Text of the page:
The Commonweal

In December, 1884, William Morris, Walter Crane, Eleanor Marx, Ernest Belfort Bax and Edward Aveling left the Social Democratic Federation and formed the Socialist League. Strongly influenced by the ideas of Morris, the party published a manifesto where it advocated revolutionary international socialism.

William Morris believed that the main function of all socialist organisations was to "educate the people". It was therefore decided that the Socialist League should publish a journal called Commonweal. Financed by a £300 loan from Morris, the monthly paper first appeared in February 1885 declaring that it had "one aim - the propagation of Socialism". The first edition of Commonweal had eight 15 by 10 inch pages and sold over 5,000 copies.

The Commonweal (16th July, 1892)
The Commonweal (16th July, 1892)

The Commonweal remained a monthly paper until it changed to a weekly in May 1886. Although the journal employed the talents of writers and illustrators such as William Morris, Walter Crane, Eleanor Marx and Edward Aveling, sales were disappointing. During industrial disputes such as the London Dockers' Strike, sales increased, but they fell soon afterwards. The Commonweal, with sales of between 2,000 and 3,000 copies a week, was costing William Morris about £500 a year. In 1895 Morris accepted defeat and the Commonweal ceased publication.

© , September 1997 - April 2014

Primary Sources

(1) William Morris, Commonweal (30th November 1884)

Take courage, and believe that we of this age, in spite of all its torment and disorder, have been born to a wonderful heritage fashioned of the work of those that have gone before us; and that the day of the organization of man is dawning. It is not we who can build up the new social order; the past ages have done the most of that work for us; but we can clear our eyes to the signs of the times, and we shall then see that the attainment of a good condition of life is being made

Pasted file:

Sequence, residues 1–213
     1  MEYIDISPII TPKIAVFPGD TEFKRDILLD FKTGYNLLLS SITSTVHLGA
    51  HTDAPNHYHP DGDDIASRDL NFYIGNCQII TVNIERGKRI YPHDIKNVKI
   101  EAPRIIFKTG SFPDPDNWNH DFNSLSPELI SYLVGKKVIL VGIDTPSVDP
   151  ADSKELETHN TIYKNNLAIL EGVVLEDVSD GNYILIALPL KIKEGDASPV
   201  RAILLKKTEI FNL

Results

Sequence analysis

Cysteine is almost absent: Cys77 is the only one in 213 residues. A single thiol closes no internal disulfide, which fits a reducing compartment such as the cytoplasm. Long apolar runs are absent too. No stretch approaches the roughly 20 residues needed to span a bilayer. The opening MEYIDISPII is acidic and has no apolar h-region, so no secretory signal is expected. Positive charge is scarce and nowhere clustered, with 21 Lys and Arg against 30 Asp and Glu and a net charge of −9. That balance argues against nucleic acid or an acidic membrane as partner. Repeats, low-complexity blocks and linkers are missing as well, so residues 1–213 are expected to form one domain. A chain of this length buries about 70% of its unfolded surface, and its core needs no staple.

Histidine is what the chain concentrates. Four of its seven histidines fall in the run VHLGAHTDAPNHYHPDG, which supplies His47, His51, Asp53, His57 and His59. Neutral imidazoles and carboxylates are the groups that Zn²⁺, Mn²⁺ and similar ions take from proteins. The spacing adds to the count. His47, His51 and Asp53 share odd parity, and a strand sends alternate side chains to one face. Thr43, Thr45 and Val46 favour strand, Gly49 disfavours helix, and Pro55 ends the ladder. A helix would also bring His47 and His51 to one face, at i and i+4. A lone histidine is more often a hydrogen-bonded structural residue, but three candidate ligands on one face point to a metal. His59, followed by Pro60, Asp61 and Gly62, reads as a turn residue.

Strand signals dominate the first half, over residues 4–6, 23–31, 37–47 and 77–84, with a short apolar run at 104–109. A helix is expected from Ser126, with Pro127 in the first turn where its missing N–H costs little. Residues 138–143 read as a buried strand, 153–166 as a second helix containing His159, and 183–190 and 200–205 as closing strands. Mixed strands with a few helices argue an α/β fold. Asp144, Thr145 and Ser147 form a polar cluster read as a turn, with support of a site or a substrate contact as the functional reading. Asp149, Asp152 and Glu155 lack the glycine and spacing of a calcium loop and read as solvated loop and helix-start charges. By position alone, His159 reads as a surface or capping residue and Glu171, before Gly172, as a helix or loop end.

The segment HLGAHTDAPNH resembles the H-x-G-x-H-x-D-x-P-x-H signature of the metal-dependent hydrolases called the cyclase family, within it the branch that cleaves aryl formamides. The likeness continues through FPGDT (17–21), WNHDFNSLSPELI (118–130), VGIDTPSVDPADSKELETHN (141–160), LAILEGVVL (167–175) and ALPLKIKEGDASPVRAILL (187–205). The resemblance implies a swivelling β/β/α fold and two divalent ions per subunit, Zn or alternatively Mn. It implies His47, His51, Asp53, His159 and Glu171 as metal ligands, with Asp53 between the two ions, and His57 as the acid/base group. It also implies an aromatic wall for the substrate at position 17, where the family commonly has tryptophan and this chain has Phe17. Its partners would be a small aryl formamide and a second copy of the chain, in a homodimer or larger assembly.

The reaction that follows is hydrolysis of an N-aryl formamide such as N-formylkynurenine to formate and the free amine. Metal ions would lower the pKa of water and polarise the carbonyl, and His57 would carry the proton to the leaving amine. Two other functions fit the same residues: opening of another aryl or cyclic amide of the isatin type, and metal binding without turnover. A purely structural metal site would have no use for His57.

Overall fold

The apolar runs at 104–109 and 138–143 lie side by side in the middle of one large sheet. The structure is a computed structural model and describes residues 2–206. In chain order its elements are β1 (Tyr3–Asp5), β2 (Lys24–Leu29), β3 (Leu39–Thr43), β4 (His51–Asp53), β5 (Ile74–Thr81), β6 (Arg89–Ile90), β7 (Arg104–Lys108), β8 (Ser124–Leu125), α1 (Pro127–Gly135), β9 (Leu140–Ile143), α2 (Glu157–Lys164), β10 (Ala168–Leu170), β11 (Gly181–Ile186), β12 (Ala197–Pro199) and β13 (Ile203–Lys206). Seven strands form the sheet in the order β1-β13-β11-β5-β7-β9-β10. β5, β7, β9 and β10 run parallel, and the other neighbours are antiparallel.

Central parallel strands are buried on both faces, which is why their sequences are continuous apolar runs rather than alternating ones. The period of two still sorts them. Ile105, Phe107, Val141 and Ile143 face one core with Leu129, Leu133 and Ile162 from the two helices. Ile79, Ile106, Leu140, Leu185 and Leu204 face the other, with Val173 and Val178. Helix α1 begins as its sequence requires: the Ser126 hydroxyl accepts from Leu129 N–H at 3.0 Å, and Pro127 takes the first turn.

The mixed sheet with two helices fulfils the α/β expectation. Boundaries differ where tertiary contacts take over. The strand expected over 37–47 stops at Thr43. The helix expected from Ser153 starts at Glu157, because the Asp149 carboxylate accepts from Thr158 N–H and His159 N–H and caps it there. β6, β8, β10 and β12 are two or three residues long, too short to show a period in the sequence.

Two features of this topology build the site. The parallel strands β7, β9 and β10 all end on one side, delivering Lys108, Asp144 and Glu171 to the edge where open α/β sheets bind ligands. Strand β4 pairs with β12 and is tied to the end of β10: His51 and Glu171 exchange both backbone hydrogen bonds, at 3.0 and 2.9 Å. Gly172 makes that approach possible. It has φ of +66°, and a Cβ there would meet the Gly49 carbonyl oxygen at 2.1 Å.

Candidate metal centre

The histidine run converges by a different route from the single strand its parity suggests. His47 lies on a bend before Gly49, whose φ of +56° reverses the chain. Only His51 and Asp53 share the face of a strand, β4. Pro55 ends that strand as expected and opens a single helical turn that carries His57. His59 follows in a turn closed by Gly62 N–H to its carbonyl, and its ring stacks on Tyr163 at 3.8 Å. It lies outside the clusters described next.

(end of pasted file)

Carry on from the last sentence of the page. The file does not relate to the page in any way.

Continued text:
possible for us, and that it is now our business to stretch out our hands and take it.

And how? Chiefly, I think, by educating people to a sense of their real capacities as men, so that they may be able to use to their own good the political power which is rapidly being thrust upon them; to get them to see that the old system of organizing labour for individual profit is becoming unmanageable, and that the whole people have now got to choose

between the confusion resulting from the breakup of that system and the determination to take in hand the labour now organized for profit, and use its organization for the livelihood of the community: to get people to see that individual profit-makers are not a necessity for labour but an obstruction to it, and that not only or chiefly because they are the perpetual pensioners of labour, as they are, but rather because of the waste which their existence as a class necessitates. All this we have to teach people, when we have taught ourselves; and I admit that the work is long and burdensome; as I began by saying, people have been made so timorous of change by the terror of starvation that even the unluckiest of them are stolid and hard to move. Hard as the work is, however, its reward is not doubtful. The mere fact that a body of men, however small, are banded together as Socialist missionaries shows that the change is going on. As the working classes, the real organic part of society, take in these ideas, hope will arise in them, and they will claim changes in society, many of which doubtless will not tend directly towards their emancipation, because they will be claimed without due knowledge of the one thing necessary to claim, equality of condition; but which indirectly will help to break up our rotten sham society, while that claim for equality of condition will be made constantly and with growing loudness till it must be listened to, and then at last it will only be a step over the border, and the civilized world will be socialized; and, looking back on what has been, we shall be astonished to think of how long we submitted to live as we live now.